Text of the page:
During the many rallies of Donald Trump’s 2016 presidential campaign, no chants ever rang quite as loudly as, “Build that wall!” Yet nearly two years into his presidency, the wall remains unbuilt and Republican congressional leaders look likely to capitulate on yet another funding fight. While a border wall is likely not the highest priority fix for border security nor the most effective, failure to win on wall funding yet again threatens to seriously demoralize the Trump base and send the signal to the rest of the world that our southern border remains unsecured.
House leaders unveiled a bill this week to extend government funding until Dec. 21, moving the shutdown battle up to right before Christmas. That makes it even less likely that President Trump will get the $5 billion in wall funding that he wants (which itself would only pay for a fraction of the wall’s total cost), at a time when the number of Central American families showing up to our southern border has risen rapidly in recent months.
But why do we need a wall? A major benefit of a wall is that it would restrict the flow of drugs into our country. In 2017, over 48,000 Americans died of opioid-related overdoses, according to the Centers for Disease Control. That same year, U.S. Customs and Border Protection (CBP) seized 953 pounds of heroin. Barriers along the border (including a wall where needed) would push smugglers toward ports of entry, where it is significantly more likely that drugs would be detected. Strategic walling could save thousands of lives.
As for the flow of people, a wall is certainly important—but it is an incomplete solution if it is not paired with asylum law reform. Even a 50-foot above-and-below-ground wall is ineffective when any unaccompanied minor or family can show up to a port of entry, claim a credible fear of persecution, and then—rather than be detained until their asylum hearing—simply be released into the interior of the country. It’s no surprise that almost half of all migrants who claim credible fear do not even bother to apply for asylum once they’re let in. Even among those who do, many fail to show up to their court date months or years down the line and of those who do show up, only 30 percent are ultimately granted asylum.
The effects of these policies can be seen in the apprehension numbers. Even as rates of violence continue to fall in El Salvador and Honduras, the number of migrants showing up at ports of entry has risen because our laws reward that behavior. In September, a record 16,658 family members illegally entering the country were arrested by Border Patrol, up 80 percent from July. As such, the president must pair a wall with action from Congress to plug asylum loopholes and create more detention space to end the current practice known as “catch-and-release.” Further, the new Attorney General must continue the work of Jeff Sessions to increase the number of immigration judges in order to process the backlog in immigration courts, which just last month surpassed one million cases. The broad point is that a wall is part of the solution to illegal immigration, but it’s not the full answer.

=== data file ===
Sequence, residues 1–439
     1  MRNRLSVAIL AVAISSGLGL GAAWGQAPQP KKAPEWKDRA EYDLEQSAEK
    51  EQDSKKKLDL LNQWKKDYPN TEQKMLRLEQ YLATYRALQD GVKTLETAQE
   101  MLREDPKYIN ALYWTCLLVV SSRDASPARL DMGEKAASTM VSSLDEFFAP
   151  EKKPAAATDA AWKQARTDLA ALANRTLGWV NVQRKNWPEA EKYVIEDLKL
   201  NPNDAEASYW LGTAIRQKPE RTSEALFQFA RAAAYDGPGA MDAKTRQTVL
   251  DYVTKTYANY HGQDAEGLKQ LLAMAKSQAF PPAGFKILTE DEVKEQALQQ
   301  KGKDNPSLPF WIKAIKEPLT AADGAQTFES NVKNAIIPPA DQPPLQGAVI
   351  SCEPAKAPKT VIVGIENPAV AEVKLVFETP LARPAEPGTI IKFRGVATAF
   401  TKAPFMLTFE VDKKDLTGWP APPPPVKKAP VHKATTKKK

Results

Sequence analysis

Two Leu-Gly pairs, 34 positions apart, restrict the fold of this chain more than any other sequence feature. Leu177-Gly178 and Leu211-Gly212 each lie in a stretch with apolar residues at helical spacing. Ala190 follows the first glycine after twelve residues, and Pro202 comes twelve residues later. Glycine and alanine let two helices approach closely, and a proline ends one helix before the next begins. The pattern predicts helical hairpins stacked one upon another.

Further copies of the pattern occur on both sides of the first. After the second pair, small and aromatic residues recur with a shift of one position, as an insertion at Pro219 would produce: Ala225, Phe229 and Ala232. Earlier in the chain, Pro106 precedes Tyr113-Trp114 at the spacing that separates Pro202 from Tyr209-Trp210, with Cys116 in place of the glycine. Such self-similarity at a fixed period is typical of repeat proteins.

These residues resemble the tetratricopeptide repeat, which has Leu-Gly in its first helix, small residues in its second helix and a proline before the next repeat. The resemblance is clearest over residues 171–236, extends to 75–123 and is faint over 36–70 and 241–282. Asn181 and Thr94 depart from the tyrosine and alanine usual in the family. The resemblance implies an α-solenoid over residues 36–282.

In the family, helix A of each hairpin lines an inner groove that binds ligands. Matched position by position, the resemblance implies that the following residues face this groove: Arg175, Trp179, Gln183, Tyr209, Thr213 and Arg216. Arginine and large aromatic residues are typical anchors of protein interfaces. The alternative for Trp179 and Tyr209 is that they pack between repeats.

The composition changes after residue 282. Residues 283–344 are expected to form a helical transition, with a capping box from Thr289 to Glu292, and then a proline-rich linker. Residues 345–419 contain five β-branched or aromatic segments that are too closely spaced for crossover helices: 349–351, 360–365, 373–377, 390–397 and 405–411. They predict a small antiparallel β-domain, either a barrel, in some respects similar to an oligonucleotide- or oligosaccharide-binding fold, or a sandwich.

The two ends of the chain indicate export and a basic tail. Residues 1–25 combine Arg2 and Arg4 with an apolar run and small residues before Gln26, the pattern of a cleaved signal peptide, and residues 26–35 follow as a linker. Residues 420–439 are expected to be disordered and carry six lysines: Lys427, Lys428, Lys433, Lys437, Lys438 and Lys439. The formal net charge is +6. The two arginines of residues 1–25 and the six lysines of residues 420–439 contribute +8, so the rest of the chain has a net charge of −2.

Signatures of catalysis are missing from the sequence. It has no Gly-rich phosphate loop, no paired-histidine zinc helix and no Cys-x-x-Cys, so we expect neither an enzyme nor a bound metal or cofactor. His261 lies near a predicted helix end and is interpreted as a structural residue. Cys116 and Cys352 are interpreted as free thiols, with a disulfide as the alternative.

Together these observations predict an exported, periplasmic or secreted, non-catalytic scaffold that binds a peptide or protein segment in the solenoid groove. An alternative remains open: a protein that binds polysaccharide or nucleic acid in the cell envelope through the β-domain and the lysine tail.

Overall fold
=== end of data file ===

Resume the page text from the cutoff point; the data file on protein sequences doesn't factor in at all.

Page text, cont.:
In fact, a new bill sponsored by Sens. Jim Inhofe (R-Okla.), Mike Rounds (R-S.D.), John Kennedy (R-La.) and Ted Cruz (R-Texas), the WALL Act, would address many of these issues. It would fund the border wall by closing loopholes that allow illegal immigrants to receive federal benefits, reduce fraudulent asylum claims by requiring that migrants declare asylum at embassies or consulates before entering the country, and crack down on migrants who fail to show up to immigration court.
President Trump campaigned on the construction of a southern border wall to address the very real concerns of illegal immigration. In order to restrict the flow of drugs and migrants across our border and demonstrate that he is serious on illegal immigration, Trump ought to fight tooth-and-nail with both Democratic and Republican leadership for the wall, accepting a shutdown if necessary. But, we need serious asylum reform to solve the problem of illegal immigration; a wall alone is not enough. As such, trading away too much to the Democrats, such as major increases in the number of worker visas in exchange for the wall, risks being just as dangerous as no wall at all.
With the funding battle pushed so close to Christmas, the clock will be ticking for Trump to finally receive the $5 billion he desperately feels is needed. Let’s hope he can do it without striking a Faustian bargain with the members of both parties who may not share his belief in secure borders.
Matthew Sussis is Assistant Director of Communications for the Center for Immigration Studies.